So, who’s under the bus in EastEnders?
Is it Whitney, as Mick suspects, or is it Lee who, for some not yet explained reason, had Whitney’s phone on him?
It was the last of many questions I had in two episodes that have seen tragedy befall the Square (yet again). Here are a few more. How come that everyone had to wait until Denise, inside the bus, pulled the EMERGENCY PULL TO OPEN when, outside, it was very clear that there was a sign saying EMERGENCY PUSH TO OPEN that any of the locals could have read and acted upon.
How come Stacey didn’t hear the crash? I know she had the radio on indoors, but nothing short of a Rolling Stones concert at the O2 could have blocked the sound of a whacking great, out of control double-decker bus careering through your neighbourhood.
Why did the fire brigade take so long to arrive? Well, actually, they haven’t yet; we have to wait until Thursday for that. The reason, of course, is that the locals had to pull togevver to lift the bus off Martin.
It’s not as daft as it sounds. In 2015 in Walthamstow, around 40 or 50 people did just that when a circus-performing unicyclist went into a bus (you really couldn’t make it up). They managed to lift the 12 tonne bus six inches off the ground and the man was saved. Let’s hope they later clubbed together to buy him a car.
It was Max who encouraged everyone to gather round for the big heave-ho (Mick was trying to look concerned but bore his usual expression of the first throes of rigor mortis). Quite why people were standing three deep is anyone’s guess because those in the back two rows really weren’t helping. One extra was smiling so much, I thought she was high on laughing gas. In all, there were probably only about ten people with any pulling power, which made the scene a little ludicrous.
Meanwhile, on the Tube, Sylvia had wet herself before singing Run Rabbit Run. Shirley joined in, much to the amusement of fellow passengers. Cue more extras.
Speaking of which, did you notice how many extras there were running around in the market? On any one day, somebody might purchase an apple and another person a hideous frock (that’s a veritable Black Friday by Walford Standards), and stall-holders outnumber customers by two to one. Yet come Deckergate, there were dozens of people running frantically around, looking for loved ones.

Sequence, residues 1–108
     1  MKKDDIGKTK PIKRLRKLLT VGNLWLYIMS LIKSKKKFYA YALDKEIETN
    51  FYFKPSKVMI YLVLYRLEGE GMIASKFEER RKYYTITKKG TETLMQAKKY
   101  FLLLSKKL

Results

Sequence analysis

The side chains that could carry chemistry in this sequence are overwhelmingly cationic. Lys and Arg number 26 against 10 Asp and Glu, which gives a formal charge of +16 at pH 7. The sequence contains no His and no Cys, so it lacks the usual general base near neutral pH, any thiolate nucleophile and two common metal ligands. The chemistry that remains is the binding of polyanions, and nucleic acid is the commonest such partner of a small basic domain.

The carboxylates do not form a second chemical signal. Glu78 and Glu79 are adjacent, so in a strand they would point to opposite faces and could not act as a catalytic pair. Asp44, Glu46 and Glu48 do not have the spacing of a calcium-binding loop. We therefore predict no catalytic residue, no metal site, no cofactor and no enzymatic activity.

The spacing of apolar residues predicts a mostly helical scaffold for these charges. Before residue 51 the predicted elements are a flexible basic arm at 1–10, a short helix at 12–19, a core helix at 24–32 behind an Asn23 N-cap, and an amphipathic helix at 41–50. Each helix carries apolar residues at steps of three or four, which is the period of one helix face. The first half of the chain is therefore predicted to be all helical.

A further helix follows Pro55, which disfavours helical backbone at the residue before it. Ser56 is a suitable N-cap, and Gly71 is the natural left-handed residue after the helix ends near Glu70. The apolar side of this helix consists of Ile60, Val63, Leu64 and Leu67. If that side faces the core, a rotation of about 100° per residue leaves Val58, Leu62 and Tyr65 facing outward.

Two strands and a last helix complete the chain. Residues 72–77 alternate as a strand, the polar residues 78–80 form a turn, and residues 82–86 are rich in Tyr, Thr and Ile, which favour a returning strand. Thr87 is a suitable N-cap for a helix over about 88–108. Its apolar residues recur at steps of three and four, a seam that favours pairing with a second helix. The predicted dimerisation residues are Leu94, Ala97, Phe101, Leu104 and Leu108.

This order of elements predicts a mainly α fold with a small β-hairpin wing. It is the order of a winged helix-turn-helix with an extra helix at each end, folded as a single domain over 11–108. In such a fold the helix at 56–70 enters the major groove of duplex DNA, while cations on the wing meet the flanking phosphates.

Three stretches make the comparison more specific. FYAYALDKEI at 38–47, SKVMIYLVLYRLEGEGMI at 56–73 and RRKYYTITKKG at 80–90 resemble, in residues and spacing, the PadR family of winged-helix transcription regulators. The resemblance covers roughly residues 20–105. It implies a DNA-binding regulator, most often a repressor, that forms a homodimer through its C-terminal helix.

The main cast had the good sense to stay in the Vic, from where Kaffy informed the emergency services on her mobile that they had to “stop the trains” on the Tube track. Call me psychic, but I reckon they’d already got wind of that.
I’m hoping that Martin survives, as I’ve grown rather fond of him, especially since he led his one-man strike in protest against the market possibly being moved. Alas, it’s a bit late for that now, as half the market has already moved to the Tube tracks. Still, it saves the Council the hassle of shifting it to a new venue. God moves in mysterious ways.
Another thing that’s worrying me is why no one has tended to the poor driver of the bus. Somebody mentioned that they thought he fell asleep at the wheel, although it’s clear he had a heart attack. Why, anyway, had he chosen to take the “long route” instead of the usual one? Does heart disease make you immune to understanding sat nav?
The poor man is still hunched over the wheel (until Thursday, alas), and the ambulance, which has inexplicably parked on the other side of the Square, won’t be able to do a thing when they eventually reach him, as it’s clear he’s a gonner. Still, you’d think that someone would have expressed concern. But oh, no; I forgot. He’s an extra. Superfluous to requirements.
And so, we wait with bated breath, to see who’s dead. It’s never who you want though, is it - yes, I’m talking to you, Donna and Kim. Among the current characters, I could list dozens more – not least, most of those kids who have miraculously appeared in a school that has also emanated from nowhere.
At least more deaths will give Billy and Jay something to do over the next few days and, hopefully, Honey will continue to provide Billy with his corned beef and pickle sandwiches he consumes in the front seat of his vehicle when picking up bodies.
If he offers you one, Jay, don’t touch it; you know where his hands have been.